Making Unreasonable Requests: The Big Ask

Posted Monday, August 6, 2012

By Dr. Allen Slade, ACC

Usually, I recommend SMART requests: requests that are specific, measurable, actionable, realistic and time-bound. But should a leader’s requests always be realistic? According to Kim Krisco, a leader accelerates change with unreasonable requests:

The primary speech act that creates action and increases velocity is the request. The more requests, the more action and change. The more unreasonable the requests, the greater the change. Indeed, you might say that the function of a leader is to make unreasonable requests.

An unreasonable request is a big ask. When should leaders make the big ask?

Bottom line: I believe you should use the big ask rarely, and well.

A big ask is a stretch for the other party. Make sure you have the creditability to make it stick. If you make the big ask too often, you will undermine your credibility as a leader and your future requests will have less impact. You must prove that signing up for your big ask is a good idea – your request will pay off for the organization and for the other person. A big ask, if accepted by the other party and mutually beneficial when fulfilled, can add to your creditability. If the check is accepted, and it cashes, you get another blank check.

You must be especially well prepared for the big ask. The big ask should be given only when you are at a peak level of leadership presence – passion and purpose, emotions, body, relationships all need to be in congruence with the big ask.

The big ask is a declaration which can create a bold, new future. In 1961, John Kennedy declared “I believe that this nation should commit itself to achieving the goal, before this decade is out, of landing a man on the moon and returning him safely to the earth.” Most requests should be realistic. But realistic requests would not have gotten Neil Armstrong to the moon in 1969. The big ask should be used rarely, and well.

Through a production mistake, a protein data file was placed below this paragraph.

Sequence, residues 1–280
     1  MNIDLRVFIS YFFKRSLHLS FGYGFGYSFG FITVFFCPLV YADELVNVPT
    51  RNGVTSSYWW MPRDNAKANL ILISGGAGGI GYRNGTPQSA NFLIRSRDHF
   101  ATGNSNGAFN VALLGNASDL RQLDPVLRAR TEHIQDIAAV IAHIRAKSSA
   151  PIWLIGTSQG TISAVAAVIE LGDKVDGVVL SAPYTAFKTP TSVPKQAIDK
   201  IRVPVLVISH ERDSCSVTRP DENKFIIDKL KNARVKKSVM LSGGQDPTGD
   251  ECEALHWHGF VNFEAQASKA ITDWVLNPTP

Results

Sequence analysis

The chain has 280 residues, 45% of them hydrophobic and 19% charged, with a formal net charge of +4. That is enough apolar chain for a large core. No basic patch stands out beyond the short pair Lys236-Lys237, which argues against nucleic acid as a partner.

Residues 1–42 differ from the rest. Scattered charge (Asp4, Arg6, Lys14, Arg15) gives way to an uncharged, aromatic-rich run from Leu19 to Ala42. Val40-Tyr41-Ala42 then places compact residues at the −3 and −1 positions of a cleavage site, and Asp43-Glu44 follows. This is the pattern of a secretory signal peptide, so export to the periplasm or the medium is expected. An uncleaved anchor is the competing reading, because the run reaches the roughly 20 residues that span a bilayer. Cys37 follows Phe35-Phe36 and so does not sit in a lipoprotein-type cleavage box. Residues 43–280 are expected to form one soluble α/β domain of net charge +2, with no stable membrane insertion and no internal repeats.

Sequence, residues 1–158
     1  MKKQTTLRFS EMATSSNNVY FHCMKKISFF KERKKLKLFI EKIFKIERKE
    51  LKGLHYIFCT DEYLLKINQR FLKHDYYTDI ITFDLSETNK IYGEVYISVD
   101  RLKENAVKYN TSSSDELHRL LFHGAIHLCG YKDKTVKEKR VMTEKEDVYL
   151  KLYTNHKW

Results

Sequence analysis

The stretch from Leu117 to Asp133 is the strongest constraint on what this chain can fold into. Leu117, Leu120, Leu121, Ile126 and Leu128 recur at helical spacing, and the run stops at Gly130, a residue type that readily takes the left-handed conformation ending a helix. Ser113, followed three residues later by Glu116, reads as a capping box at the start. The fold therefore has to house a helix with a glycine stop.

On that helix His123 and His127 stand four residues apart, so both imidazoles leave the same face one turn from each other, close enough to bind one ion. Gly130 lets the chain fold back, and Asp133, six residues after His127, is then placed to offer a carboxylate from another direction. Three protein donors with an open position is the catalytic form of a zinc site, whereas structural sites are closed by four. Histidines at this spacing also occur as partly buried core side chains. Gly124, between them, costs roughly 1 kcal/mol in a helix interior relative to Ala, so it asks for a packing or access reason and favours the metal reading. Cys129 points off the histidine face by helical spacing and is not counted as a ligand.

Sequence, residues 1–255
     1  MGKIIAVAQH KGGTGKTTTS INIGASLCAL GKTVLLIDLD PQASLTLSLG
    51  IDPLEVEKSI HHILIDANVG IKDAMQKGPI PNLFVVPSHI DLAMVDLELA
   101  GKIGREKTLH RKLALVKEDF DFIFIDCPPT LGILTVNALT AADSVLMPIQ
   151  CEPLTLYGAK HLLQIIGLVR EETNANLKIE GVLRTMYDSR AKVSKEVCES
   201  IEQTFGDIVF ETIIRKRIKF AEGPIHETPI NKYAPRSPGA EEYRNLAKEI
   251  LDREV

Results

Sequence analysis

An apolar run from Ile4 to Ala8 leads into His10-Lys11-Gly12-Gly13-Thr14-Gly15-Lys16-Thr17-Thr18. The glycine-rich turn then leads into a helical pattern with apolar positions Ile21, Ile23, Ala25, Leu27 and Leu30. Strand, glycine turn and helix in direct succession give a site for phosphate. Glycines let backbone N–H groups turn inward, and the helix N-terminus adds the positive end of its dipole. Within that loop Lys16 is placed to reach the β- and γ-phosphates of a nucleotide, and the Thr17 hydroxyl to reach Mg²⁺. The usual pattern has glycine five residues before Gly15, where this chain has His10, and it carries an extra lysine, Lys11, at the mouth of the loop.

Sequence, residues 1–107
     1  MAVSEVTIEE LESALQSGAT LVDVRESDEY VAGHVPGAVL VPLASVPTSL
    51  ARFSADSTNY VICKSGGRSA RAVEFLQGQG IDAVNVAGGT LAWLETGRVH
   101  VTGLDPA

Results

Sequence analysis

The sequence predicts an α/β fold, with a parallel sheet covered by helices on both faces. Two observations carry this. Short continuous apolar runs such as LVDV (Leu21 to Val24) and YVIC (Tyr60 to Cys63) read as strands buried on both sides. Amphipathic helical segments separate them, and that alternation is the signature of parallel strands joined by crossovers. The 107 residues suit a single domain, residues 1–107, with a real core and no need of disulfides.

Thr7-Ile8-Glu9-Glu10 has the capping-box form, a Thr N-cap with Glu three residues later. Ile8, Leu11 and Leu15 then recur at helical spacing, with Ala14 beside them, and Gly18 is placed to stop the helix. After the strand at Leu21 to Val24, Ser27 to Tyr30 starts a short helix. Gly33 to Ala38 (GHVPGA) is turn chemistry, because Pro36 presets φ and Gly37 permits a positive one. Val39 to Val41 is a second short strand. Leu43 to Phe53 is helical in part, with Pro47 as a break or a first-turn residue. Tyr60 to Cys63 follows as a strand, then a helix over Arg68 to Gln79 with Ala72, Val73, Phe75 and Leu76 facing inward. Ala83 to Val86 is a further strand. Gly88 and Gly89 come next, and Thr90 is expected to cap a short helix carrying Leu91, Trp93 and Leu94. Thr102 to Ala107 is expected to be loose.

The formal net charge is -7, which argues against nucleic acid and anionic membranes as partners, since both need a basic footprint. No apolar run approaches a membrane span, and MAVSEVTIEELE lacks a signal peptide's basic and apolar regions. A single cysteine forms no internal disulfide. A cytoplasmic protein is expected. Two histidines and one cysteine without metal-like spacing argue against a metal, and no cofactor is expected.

Leaders should be able to make the big ask. They should also encourage risk taking by supporting the big asks of others. Soon after I started at IBM, my manager said to me “Allen, you get one blank check. If I don’t agree and you insist, I will back you. But only once. If that check cashes, I will give you another blank check.” In effect, he advanced decision making credibility to me, despite my lack of experience. He encouraged me to make the big ask, but to make it rarely and well.

Do you insist that people prove their credibility before you will take a risk on their decision making? Try advancing some decision credit instead. It can be scary to give up control, so you can start with just one blank check. See what happens when you back someone’s big ask. The spark of initiative that results may flame into a bonfire of innovation.

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